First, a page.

In short, he says, the GSPEC system provides the greatest protection against open flames, hot grease and heavy foot traffic. The flooring system also tolerates the thermal impact of cleaning the floor daily with hot water.
A dedicated crew
Due to the years of wear and hot grease, prepping the floor was an especially important step in the process. A dedicated four-person TFR crew — under the supervision and with advice from Kummer — prepared the floor and installed the system.
“The unknown was just how strong that pre-existing floor was,” Kummer says. “We really couldn’t get in there with heavy grinding equipment. So, we brought in a 4,000-psi power washer with 220-degree water to clean and degrease the area.”
Then, to cut down on the amount of dust generated, the crew power-sanded the floor while keeping it wet. From there, they lightly washed it with a mild degreaser to eliminate any remaining slurry from the sanding.
After a thorough cleaning, the application began. The crew first applied a 1/8-inch GSPEC slurry coat. Next they broadcast Clifford W. Estes Co.’s Permacolor Quartz in red to the point of refusal.
Once that cured, the application team came back with a flood coat of the GSPEC resin. They followed this again by broadcasting the quartz to refusal. Finally, they finished the job with a topcoat of GSPEC clear resin.
Kummer explains they used a notch trowel squeegee to apply the first coat to guarantee the proper application thickness. They then applied the flood coat and resin topcoat with regular flat squeegees and back-rolled.
Safe and sound
Along with the floor’s age and condition, everyone agrees the hardest part was working around the kitchen equipment. It was simply too big to be moved.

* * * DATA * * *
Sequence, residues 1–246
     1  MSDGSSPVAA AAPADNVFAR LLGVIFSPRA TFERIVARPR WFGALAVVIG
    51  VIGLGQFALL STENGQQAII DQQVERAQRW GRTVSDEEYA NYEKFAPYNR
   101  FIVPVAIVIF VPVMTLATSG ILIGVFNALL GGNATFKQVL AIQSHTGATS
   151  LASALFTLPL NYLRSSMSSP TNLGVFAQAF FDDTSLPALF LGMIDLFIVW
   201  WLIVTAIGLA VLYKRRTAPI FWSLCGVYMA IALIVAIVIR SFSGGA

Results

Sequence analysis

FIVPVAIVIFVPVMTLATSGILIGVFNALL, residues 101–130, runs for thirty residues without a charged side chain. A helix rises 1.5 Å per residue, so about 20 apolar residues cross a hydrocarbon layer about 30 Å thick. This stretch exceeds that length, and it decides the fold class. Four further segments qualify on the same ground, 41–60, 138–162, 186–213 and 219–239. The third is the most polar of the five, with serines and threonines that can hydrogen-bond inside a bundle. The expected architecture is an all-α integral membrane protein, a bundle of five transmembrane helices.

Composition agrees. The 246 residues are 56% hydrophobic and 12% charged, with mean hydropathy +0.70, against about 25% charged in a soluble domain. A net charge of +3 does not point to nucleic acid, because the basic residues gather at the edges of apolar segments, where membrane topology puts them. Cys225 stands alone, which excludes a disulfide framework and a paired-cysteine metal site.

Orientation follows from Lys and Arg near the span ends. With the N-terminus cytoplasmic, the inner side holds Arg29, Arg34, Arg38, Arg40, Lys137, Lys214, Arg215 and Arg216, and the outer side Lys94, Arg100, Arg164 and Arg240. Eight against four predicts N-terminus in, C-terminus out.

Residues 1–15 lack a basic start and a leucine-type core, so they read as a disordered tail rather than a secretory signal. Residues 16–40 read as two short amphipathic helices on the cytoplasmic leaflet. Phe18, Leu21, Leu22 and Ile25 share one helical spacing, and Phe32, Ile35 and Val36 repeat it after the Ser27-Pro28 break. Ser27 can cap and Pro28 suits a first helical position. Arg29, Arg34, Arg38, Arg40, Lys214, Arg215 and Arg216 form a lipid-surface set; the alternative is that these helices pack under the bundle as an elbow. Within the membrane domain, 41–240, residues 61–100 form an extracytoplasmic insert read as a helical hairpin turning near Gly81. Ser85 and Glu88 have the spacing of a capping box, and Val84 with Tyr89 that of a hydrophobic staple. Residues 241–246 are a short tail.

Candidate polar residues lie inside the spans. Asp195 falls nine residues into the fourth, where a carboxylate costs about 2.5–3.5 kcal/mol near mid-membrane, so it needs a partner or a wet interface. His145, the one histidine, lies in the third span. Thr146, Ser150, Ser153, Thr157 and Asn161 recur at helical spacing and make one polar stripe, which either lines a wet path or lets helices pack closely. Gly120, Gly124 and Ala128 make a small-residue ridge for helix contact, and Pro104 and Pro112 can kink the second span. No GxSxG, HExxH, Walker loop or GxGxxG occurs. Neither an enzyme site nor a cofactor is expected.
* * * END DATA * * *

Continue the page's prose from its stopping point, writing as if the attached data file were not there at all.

“We’d try to get under them as much as we could,” says TFR’s Rogers. “Other than that, it wasn’t that bad.”
Kummer would probably disagree.
“We did a lot of that work on hands-and-knees using tiny rollers and brushes,” Kummer says. “We’re talking monotonous and slow moving. It really tested my patience.”
In all, the job took about 10 days at the end of May into early June. This was also a high point for COVID infections in Southern California.
“There were a few people working, but companies were unsure of what to do or how to do it,” says Kummer. “We used every precautionary measure we knew to protect the TFR staff and the people who work at the hotel. I think the people at the Mission Inn had a lot of faith in TFR to let them come in.”
However, Anderson says the company treated the job much like it does its other projects.
“We approached it as if the room next door was full of diners and the rooms above were full of guests,” he says. “Other than the ability to create a little more noise than normal, we kept the kitchen hermetically sealed. And we kept the dust way down.”
Concludes Rogers, “We’re very proud of ourselves.”
Project at a Glance
Client: Mission Inn Hotel & Spa, Riverside, California
Contractor: TFR Builders Inc., San Clemente, California, with assistance from Green Chemistry Innovations, Los Angeles
Scope of project: Revitalize an approximately 3,000-square-foot kitchen floor.
The challenge: The Mission Inn is a National Historic Landmark and the floor hadn’t been worked on in more than 20 years.
Products used: GSPEC epoxy-urethane flooring system, GSPEC clear resin, Permacolor Quartz. These products are all available through the Concrete Decor Store.